After a summer of orange cones and helicoptered backroads, he could finally claim the highways as his own, wanting to tame the open road with an accomplice. On a sluggish Tuesday, the two of us bunched into his old navy sedan, our drive molded through moody teen anthems blaring from the speakers; our off-key harmonies threatened to drown out each guitar solo. Despite not visiting the elementary school since our finger-painting days, we deemed its parking lot an ideal location to watch the vibrant palette of light descend beyond the trees.
Parked beside faded sidewalk chalk, he joked about the cheesy coming-of-age movies, the climax where teenage heroes defeat their greatest threat by staring at the sky from station wagon hoods. Pulling each other from the front seat and atop the car’s roof, our shoes bumped together in playful battle. The sky was a cliché blend of rainbows and cotton candy and all the majestic things poets can’t translate into language.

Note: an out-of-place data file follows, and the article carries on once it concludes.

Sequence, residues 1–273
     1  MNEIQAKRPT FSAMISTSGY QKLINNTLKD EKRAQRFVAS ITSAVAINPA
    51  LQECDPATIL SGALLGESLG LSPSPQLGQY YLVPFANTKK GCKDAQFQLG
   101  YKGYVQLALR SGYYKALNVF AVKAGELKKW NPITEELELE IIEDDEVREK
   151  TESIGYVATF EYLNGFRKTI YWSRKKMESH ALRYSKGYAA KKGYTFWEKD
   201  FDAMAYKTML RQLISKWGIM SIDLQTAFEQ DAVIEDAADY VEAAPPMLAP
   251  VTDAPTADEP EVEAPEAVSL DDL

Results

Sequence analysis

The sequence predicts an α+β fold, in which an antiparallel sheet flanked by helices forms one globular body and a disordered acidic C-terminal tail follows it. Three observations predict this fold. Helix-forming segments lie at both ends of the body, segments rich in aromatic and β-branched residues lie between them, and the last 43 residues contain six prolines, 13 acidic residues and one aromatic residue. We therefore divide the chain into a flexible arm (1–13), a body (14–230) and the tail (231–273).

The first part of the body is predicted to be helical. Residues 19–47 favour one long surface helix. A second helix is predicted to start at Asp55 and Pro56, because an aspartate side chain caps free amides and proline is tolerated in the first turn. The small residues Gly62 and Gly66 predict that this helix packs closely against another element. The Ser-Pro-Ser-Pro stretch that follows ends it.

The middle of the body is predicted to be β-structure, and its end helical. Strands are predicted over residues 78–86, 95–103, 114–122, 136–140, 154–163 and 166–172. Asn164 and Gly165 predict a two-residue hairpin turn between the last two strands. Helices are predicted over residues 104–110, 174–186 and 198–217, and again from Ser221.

Later, we couldn’t recall who leaned in and initiated the kiss first, only a slow and clumsy moment of fumbling lips and hands caressing faces. The moment was quick to dissolve into humor and playground romps, tension fading with the daylight.
Moody music still echoed beside our laughter, the return home seemingly no different than the departure. But it was hard to know which direction was easier to look in: the heavy crescent and knowing winks in the sky, or the gentle hands beside me gripping the steering wheel.
Aimee Maduro is a freshman at SUNY Geneseo studying creative writing and film. Outside of the classroom, they’re bound to be spotted playing guitar or staging photoshoots with their cat. A wordsmith since day one (or so they claim), Aimee aspires to be a singer-songwriter and published author.